- absurd or foolish talk; nonsense.
Origin of bosh1
- the section of a blast furnace between the hearth and the stack, having the form of a frustum of an inverted cone.
Origin of bosh2
Related Words for boshdrivel, gibberish, hogwash, garbage, bunk, baloney, bilge, hooey, poppycock, bull, balderdash, trash, BS, bosh, jargon, crock, claptrap, rot, tripe, rigmarole
Examples from the Web for bosh
Contemporary Examples of bosh
“Somebody had to break the ice,” Bosh, whose own sexuality has been questioned in recent years, says.
And just as the NBA and WNBA continue to develop as open-minded sports leagues, Bosh plans to develop even further as a designer.
But in New York this week, Bosh said he had to take a step back from basketball and simply take in his surroundings.
But the tasty meal of steak, lobster, and shrimp was only the beginning of a night to remember for Bosh and company.
But after few rounds of simply making baskets, the game turned a tad more serious, Bosh says.
Historical Examples of bosh
"What a lot of bosh is talked about lovers," his comment ran.Dust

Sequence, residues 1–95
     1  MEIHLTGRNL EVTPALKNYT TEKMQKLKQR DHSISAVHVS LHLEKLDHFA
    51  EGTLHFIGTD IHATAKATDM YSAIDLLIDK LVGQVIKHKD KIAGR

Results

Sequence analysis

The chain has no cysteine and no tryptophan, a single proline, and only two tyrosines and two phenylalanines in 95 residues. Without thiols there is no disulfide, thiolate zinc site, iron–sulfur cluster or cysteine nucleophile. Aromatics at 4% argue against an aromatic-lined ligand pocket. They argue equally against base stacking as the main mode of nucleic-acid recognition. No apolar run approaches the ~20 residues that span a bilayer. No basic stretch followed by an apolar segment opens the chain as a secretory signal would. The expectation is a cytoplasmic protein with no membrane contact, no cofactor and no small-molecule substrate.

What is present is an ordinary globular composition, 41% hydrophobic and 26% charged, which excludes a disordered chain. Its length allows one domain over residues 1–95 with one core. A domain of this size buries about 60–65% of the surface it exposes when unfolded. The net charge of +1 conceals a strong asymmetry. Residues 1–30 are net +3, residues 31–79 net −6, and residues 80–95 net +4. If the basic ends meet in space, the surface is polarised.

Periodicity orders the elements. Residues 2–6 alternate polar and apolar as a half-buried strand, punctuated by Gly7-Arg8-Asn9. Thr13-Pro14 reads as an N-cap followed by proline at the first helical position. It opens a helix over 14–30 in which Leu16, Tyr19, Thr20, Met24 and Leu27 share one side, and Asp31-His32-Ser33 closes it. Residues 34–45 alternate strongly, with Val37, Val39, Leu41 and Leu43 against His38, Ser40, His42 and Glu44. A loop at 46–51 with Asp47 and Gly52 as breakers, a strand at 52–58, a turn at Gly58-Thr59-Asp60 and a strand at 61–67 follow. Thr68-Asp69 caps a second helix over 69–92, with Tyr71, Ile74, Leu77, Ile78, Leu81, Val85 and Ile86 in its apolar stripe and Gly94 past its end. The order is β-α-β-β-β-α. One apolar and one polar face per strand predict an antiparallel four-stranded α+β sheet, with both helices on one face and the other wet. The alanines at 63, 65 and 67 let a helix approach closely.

Mr. and Mrs. Haldeman-Julius
This stupendous mass of bosh could not have been produced unless there were a demand for it.The Curse of Education
Harold E. Gorst
That talk about me trying to get you out of Illington, Blaine, is all bosh, and you know it.The Crevice
William John Burns and Isabel Ostrander
How even such a banquet of bosh was got ready in the time remained a riddle.The Innocence of Father Brown
G. K. Chesterton
If my reader finds this bosh and abracadabra, all right for him.Fantasia of the Unconscious
D. H. Lawrence
- informal empty or meaningless talk or opinions; nonsense
Word Origin for bosh
- the lower tapering portion of a blast furnace, situated immediately above the air-inlet tuyères
- the deposit of siliceous material that occurs on the surfaces of vessels in which copper is refined
- a water tank for cooling glass-making tools, etc
- South Wales dialect a kitchen sink or wash basin
Word Origin for bosh
"empty talk, nonsense," 1834, from Turkish, literally "empty." Introduced in "Ayesha," popular romance novel by J.J. Morier (1780-1849).